By Mark Dwortzan
Observing that certain cancer cells may exhibit greater flexibility than normal cells, some scientists believe that this capability promotes rapid tumor growth. Now computer simulations developed by Assistant Professor Muhammad Zaman (BME/MSE) and collaborators at the University of Texas at Austin appear to support this view. A 3D model of healthy and cancer cells that they’ve created indicates that the softening of cancer cells not only accelerates their proliferation but also extends their lifetime—a one-two punch that may trigger the rapid growth of malignant tumors.
The team’s simulations and findings, described in the January 11 online edition of American Physical Society’s journal Physical Review Letters and funded by the National Institutes of Health, herald a new, quantitative approach to understanding tumor development centered on a small number of mechanical properties rather than multiple biochemical factors.
“Our study is unique in that it takes into account in vivo data on the mechanical properties of cancer cells,” said Zaman. “Our novel computer simulation provides a platform to examine how stiffness of cancer cells influences their growth, and could lead to the development of early interventions.”
Combining Zaman’s expertise in cancer and cell migration with UT-Austin Chemical Engineering Professor Roger Bonnecaze’s knowledge of fluid mechanics and postdoctoral fellow Parag Katira’s computer simulation skills, the researchers produced a 3D computer model that systematically traces the impact of cell softness and other mechanical factors on cell behavior within a tissue. The model represents each cell as a liquid core encased by a spherical, viscous, elastic shell that can bind or stick to other cells to form a tissue-like mass. In simulations, individual cells are programmed to live, die or divide based on a set of rules drawn from real-time, in vivo experiments with tumor cells.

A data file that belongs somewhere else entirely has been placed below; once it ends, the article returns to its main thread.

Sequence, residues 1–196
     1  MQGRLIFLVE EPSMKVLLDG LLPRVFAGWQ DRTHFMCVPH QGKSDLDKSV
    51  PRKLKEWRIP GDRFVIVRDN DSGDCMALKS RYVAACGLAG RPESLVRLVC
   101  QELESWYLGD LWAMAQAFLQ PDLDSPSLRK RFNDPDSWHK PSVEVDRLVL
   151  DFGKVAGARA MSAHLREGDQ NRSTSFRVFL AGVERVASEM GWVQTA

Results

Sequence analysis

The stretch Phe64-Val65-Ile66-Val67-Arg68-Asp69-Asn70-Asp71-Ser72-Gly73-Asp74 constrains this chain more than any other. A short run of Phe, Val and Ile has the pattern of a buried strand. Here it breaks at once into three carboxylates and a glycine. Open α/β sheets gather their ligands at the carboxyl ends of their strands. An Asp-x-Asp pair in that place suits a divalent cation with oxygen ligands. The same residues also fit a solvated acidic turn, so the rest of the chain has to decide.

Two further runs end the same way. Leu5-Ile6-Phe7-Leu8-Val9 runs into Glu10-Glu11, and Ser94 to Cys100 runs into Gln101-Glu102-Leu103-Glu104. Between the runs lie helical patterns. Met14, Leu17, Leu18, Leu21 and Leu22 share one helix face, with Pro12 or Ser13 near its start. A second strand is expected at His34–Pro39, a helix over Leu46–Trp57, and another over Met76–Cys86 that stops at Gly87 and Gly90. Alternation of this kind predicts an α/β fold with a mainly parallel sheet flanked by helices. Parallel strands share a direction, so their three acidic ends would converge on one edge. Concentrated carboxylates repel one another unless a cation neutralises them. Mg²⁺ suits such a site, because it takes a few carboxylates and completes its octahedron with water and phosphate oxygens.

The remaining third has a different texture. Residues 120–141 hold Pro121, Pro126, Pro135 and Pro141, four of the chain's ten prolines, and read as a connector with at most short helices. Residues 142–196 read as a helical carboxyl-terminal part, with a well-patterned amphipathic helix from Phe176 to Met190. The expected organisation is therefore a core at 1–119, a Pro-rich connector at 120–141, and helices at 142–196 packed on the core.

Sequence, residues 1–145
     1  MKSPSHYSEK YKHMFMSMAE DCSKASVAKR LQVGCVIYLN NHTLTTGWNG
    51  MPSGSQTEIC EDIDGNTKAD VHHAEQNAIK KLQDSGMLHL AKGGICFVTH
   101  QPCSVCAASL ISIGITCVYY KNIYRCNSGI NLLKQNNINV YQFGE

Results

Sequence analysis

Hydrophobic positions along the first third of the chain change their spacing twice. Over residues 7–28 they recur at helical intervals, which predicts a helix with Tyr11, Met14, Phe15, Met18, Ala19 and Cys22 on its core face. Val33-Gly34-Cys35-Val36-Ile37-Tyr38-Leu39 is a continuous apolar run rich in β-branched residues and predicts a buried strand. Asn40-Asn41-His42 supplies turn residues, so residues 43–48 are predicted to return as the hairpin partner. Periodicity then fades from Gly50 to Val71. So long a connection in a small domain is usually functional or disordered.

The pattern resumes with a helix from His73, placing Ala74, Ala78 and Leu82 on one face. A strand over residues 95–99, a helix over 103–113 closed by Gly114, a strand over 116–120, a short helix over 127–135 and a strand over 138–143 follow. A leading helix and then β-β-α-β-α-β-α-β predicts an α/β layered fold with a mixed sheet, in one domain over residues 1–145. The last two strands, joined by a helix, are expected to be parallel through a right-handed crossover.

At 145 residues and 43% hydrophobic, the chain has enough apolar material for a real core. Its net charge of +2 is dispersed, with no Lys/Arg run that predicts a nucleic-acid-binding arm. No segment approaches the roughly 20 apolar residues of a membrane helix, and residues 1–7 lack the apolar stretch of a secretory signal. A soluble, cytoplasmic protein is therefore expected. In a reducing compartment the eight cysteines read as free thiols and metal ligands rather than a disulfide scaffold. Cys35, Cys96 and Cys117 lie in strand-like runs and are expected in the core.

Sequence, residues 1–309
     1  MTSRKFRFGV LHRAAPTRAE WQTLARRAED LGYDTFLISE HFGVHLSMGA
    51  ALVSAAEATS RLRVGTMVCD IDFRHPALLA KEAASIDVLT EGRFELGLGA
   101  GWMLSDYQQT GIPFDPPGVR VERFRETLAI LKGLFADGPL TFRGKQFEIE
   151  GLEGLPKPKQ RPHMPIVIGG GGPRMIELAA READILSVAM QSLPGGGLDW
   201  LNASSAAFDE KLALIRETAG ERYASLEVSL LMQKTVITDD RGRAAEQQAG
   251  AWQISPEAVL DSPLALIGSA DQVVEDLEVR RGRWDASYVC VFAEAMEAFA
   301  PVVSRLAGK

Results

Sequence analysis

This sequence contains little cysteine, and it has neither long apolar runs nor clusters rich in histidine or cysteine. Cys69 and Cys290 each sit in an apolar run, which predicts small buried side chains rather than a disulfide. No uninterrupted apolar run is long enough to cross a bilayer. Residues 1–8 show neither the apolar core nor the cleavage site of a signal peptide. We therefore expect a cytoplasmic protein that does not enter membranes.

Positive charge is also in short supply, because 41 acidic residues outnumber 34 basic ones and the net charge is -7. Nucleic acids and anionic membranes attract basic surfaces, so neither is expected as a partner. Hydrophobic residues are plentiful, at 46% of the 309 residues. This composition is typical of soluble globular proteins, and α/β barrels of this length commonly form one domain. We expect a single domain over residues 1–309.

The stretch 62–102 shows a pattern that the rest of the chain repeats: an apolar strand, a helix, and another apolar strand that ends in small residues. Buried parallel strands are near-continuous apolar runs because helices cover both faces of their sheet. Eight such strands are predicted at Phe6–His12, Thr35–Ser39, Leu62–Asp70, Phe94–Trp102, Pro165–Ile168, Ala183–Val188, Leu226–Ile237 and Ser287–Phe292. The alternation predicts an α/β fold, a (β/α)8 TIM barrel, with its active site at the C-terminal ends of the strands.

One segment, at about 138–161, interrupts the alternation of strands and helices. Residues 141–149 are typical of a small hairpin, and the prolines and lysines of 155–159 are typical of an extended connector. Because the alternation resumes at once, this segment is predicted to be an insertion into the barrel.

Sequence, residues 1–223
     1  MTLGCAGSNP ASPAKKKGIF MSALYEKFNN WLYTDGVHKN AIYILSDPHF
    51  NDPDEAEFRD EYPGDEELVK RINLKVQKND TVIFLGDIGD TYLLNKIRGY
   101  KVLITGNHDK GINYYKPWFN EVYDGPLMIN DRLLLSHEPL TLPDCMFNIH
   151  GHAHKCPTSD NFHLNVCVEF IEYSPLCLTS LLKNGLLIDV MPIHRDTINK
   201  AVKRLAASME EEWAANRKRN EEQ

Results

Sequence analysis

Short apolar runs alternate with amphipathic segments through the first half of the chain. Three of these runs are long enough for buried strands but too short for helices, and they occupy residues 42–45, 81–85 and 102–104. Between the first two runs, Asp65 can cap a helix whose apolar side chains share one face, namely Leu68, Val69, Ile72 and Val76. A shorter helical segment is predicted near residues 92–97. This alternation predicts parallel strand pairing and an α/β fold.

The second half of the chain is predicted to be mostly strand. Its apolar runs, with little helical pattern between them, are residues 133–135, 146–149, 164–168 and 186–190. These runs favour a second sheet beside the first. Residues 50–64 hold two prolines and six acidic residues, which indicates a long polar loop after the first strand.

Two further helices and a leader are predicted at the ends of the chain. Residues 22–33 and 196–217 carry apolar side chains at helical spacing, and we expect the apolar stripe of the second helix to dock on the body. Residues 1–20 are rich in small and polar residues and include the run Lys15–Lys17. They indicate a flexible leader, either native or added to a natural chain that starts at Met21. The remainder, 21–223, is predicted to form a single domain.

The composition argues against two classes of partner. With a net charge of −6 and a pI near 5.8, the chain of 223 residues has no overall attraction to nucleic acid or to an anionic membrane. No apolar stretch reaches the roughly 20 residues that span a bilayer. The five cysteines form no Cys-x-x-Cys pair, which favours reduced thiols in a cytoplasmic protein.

To emulate tumor growth, the researchers established a baseline simulation of tissue composed exclusively of hard-shelled, healthy cells, and then introduced a small number of soft-shelled, mutant cancer cells. When that number reached eight, the mutants began to multiply at a much higher rate than normal cells, and the more mutants introduced, the higher the rate. Interpreting this phenomenon as the emergence of a tumor, the researchers speculated that a cluster of at least eight soft mutant cells is needed to overcome the resistance of neighboring stiff, normal cells so that the mutants can stretch and divide rapidly.
The team also modeled the strength at which cancer cells stick to one another, and varied both cell softness and stickiness in several simulations. They found that increasing softness, rather than varying stickiness, led to the most substantial increase in tumor growth.
“This study focused only on the first step in tumor growth,” said Zaman. “Our next step is to set up computational experiments to determine what leads tumors to metastasize. Our computer simulations will also allow us to model breast, prostate and other cancers—even different stages within those diseases—much more efficiently than in laboratory experiments.”